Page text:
- The Washington Times - Thursday, July 20, 2017

After suggesting free agent quarterback Colin Kaepernick should cut his afro to appear more presentable earlier this week, retired NFL quarterback Michael Vick apologized for his previous comments on Thursday.

During an appearance on The Dan Patrick Show, Vick expressed deep regret for his controversial statements about Kaepernick getting a haircut.

“What I said, I should have never said,” Vick told Patrick. “I think it was taken out of context in regards to what I was trying to convey, but I only want to help Colin Kaepernick.”

“I’m not a general manager, I’m not the guy who makes the decisions on getting him signed, and I’m truly sorry for what I said. I think I should have used a better choice of words.”

Kaerpernick, a free agent since March, has been a polarizing figure in the NFL over the past year. The former 49er actively speaks out about race relations in the United States, and famously kneeled during the National Anthem before several games last season as a form of peaceful protest against police brutality.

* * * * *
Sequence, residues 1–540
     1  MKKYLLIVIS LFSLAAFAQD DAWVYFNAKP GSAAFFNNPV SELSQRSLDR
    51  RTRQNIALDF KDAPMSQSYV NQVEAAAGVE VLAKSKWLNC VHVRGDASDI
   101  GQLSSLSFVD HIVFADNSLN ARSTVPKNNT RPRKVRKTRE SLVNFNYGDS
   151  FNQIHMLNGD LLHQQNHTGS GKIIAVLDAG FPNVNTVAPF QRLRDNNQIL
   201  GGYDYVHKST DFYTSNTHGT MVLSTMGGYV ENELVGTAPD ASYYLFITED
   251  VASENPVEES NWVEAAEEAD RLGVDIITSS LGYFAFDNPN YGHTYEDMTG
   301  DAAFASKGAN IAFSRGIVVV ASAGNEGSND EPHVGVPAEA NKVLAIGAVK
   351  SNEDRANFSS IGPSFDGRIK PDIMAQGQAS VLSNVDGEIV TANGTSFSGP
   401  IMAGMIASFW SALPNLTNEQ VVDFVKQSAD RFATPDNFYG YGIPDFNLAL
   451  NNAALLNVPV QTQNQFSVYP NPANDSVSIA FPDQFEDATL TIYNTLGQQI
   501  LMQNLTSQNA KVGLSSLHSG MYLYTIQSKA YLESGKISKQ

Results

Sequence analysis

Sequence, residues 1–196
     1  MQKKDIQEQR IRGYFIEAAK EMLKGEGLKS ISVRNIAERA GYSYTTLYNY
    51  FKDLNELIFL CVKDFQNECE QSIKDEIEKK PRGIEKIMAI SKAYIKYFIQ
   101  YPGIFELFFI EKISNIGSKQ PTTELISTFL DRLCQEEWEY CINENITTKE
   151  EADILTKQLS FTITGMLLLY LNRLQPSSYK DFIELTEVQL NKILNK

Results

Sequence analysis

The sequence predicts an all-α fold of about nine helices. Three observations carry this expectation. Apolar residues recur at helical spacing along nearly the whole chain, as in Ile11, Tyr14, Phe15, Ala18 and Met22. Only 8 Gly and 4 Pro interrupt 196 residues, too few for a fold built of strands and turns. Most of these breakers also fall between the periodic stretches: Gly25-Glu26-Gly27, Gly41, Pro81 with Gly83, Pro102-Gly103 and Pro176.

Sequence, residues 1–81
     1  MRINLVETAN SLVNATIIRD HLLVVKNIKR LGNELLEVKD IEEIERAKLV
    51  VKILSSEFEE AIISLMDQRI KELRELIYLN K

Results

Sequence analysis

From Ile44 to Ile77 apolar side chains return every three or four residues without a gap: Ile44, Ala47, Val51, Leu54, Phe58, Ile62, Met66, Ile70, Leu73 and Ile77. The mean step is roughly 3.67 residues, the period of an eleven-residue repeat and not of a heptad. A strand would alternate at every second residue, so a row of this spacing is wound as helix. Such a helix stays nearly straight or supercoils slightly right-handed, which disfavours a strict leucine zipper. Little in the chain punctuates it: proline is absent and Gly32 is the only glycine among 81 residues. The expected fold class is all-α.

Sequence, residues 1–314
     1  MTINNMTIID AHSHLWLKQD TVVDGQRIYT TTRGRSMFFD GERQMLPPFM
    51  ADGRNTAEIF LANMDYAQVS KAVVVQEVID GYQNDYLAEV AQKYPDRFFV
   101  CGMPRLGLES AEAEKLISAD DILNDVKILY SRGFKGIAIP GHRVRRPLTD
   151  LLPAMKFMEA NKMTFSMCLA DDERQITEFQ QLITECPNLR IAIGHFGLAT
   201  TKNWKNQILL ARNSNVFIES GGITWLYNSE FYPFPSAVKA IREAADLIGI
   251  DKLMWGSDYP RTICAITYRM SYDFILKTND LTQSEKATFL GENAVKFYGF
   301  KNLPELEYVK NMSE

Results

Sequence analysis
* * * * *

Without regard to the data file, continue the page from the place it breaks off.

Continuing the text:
Vick, no stranger to public scrutiny after missing two seasons due to a dog fighting conviction, went on FS1 show “Speak for Yourself” Monday and asserted Kaepernick needed to “go clean cut” to repair his image.

The comments sparked heavy debate on social media, as well as seemingly a response from Kaepernick, who tweeted out the definition of Stockholm Syndrome the day after Vick’s appearance on “Speak for Yourself.”

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